“The first white people, at least of historical record, to enter Round Valley, on the first day they were there, killed approximately 40 indigenous people…. In a way, that set the tone. I believe in my heart that what we’re dealing with here and in Bear’s case has it’s roots firmly in the past. We need to confront the community as a whole and confront how our white community deals with the Round Valley community and the other Native American communities. We can’t heal the past unless we address the present” –Phil DeJong, Bear Lincoln’s attorney
This recent case of injustice toward a Native American man and community demands our attention. On August 16th, 1995, Bear Lincoln turned himself over to the police with a ceremony and stating “Leonard Peters and I were ambushed. I’m here to prove my innocence”.
On April 14, 1995, three homicides occurred in the rural Mendocino County area of Covelo and the adjacent Round Valley Indian Reservation. On that afternoon, an Indian man, Gene Britton was fatally shot by Arylis Peters, another Indian resident of Round Valley. Mendocino County sheriff’s deputies responded. At approximately 9:30pm deputies Davis and Miller took up a position with their vehicles on a fire road near the Lincoln family residence. Leonard Acorn Peters, the brother of Arylis Peters, was shot dead by the two deputies. In the exchange of gunfire which ensued, deputy Davis was shot and killed.
In a statement made within hours of the shooting, deputy Miller stated that he saw only one person (Acorn) approach the deputies’ position. Miller said Acorn aimed and fired a rifle at the deputies and that he was killed by return fire. Shortly after Miller made this statement, investigators at the scene determined that Acorn’s rifle had never been fired. In a transparent attempt to cover his own tracks. Miller issued a second statement three days later in which he stated that he saw two individuals approach the deputies’ position. This second statement gave the prosecution a way to assert that Bear Lincoln had initiated the gunfire and to cover up their ambush of an innocent Indian man. Whereupon law enforcement began a reign of terror targeting Indian reservations and rancherias throughout Mendocino County looking for Bear Lincoln.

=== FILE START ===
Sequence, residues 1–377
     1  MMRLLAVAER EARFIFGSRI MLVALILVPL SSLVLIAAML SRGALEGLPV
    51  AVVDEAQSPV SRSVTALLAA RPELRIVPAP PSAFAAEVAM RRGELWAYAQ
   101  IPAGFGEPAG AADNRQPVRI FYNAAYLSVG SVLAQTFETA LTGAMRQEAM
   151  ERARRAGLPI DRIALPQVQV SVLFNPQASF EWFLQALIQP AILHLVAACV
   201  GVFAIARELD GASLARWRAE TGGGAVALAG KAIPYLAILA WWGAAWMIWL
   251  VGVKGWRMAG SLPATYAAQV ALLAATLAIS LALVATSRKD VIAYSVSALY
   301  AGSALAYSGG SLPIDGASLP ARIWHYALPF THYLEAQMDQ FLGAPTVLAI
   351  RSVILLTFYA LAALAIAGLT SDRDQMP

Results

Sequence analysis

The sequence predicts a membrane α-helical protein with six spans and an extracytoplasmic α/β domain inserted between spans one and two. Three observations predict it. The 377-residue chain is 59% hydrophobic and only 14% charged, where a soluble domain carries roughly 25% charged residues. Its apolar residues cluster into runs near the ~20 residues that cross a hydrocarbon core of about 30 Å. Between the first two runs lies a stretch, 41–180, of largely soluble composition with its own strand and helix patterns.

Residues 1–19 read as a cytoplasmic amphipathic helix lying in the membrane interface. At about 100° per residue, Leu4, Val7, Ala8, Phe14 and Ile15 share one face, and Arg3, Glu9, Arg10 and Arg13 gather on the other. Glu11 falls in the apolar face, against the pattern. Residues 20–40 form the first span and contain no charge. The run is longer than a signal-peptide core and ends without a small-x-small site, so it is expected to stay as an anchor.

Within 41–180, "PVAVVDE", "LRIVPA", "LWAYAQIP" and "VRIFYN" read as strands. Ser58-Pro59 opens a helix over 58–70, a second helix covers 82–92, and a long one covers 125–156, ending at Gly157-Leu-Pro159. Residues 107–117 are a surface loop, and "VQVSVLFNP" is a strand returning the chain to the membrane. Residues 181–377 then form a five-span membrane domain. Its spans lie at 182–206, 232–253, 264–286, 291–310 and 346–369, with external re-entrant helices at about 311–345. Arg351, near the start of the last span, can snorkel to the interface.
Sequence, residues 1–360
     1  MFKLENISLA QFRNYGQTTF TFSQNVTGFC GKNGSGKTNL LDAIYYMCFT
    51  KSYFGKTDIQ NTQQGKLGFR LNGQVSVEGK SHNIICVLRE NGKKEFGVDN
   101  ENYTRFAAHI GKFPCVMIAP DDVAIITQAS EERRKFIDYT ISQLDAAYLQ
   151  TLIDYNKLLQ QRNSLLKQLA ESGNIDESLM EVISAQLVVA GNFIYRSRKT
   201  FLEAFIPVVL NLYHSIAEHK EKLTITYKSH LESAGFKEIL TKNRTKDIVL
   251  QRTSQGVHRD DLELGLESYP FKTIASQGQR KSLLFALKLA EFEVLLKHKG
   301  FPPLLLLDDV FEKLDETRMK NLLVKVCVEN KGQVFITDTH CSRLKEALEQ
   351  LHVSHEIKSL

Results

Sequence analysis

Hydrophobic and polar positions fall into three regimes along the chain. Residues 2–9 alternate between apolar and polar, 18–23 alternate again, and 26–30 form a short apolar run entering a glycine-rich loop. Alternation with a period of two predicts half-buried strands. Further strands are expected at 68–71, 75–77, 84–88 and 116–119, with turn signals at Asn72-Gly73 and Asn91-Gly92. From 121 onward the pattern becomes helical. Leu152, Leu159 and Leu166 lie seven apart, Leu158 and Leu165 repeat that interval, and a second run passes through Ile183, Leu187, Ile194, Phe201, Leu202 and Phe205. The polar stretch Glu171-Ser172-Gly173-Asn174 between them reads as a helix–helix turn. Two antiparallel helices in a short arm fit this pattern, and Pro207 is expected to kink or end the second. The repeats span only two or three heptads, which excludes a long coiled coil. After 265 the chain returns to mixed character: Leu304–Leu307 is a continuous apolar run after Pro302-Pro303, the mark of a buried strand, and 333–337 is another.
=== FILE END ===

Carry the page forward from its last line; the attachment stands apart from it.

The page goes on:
What you can do: Jury selection began on April 15, 1997. It is important to demonstrate that the entire community is aware of Bears’s case and concerned to see that he receives a fair trial. Your attendance in court shows this support and concern. To get on the mailing list to be notified of activities and court dates and also to donate to Bear’s defense, write to: Bear Lincoln Defense Committee, Pier 5, The Embarcadero, San Francisco, CA 94111. For more info call Round Valley Indians for Justice (707) 983-8098. To help feed Bear’s five Appaloosa horses send contributions to Lucille Lincoln Box 795 Covelo, CA 95428